The aim of the study was to demonstrate the therapeutic effect of taurine against aluminum (Al)-induced neurological disorders in rats. Forty-two Wistar rats were randomly allotted into six groups: control (saline only), Al exposure (281.4 mg/kg/day for 1 month), Al + taurine (Al administration as previously plus taurine, doses were 200, 400 and 800 mg/kg/day, respectively, for the next 1 month) and prevention group (along with the Al administration as previously, 400 mg/kg/day taurine was treated for 1 month. During the next 1 month, rats were given taurine 400 mg/kg/day only). Starting from the sixth week, the body weight gain was significantly reduced in Al exposure group compared with saline (P < 0.05), and at the eighth week, the gain in prevention group was increased compared with Al (P < 0.05). Brain coefficient was gained in Al exposure compared with saline or prevention group (P < 0.05). Al exposure resulted in learning and memory impairment by increasing the escape latency and searching distance, meanwhile, decreasing the swimming time in the quadrant of platform and the numbers of crossing the platform (P < 0.05). Unsurprisingly, taurine treatment (400, 800 mg/kg/day and prevention) significantly protected against Al-induced brain dysfunction (P < 0.05). The Al exposure led to significant decreases in levels of γ-GABA and Tau, meanwhile, increased in level of Asp and Glu compared with saline (P < 0.05). And yet, taurine treatment partially reversed the deteriorated changes. The results suggested that taurine probably has neuroprotective effect against Al-induced learning, memory and brain neurotransmitters dysfunction.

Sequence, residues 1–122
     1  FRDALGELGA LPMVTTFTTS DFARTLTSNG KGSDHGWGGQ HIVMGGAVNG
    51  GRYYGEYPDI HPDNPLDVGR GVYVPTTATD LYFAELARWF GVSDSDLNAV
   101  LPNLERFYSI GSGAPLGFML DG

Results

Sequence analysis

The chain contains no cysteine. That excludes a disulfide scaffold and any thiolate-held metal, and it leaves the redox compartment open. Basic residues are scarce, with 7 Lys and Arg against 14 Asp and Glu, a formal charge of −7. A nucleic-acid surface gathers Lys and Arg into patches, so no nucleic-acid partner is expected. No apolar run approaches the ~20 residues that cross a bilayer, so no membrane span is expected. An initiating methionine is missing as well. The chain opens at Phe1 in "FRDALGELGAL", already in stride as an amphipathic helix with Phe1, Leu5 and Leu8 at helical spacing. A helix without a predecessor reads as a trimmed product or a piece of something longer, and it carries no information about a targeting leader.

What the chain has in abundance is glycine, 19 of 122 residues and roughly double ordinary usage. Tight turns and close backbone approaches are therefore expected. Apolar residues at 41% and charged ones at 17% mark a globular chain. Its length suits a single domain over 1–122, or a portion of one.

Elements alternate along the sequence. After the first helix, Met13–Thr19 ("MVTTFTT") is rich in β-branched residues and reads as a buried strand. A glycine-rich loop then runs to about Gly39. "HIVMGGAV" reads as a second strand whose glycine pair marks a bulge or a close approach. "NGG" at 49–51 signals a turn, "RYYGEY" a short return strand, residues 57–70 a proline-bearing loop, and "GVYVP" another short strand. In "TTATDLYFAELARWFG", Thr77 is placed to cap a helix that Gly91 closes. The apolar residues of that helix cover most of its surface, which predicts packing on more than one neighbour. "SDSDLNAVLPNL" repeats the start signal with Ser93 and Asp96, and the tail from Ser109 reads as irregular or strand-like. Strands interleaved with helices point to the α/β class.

Reduced plasma taurine level in Parkinson's disease: association with motor severity and levodopa treatment.
            (Zhang et al., 2015) Download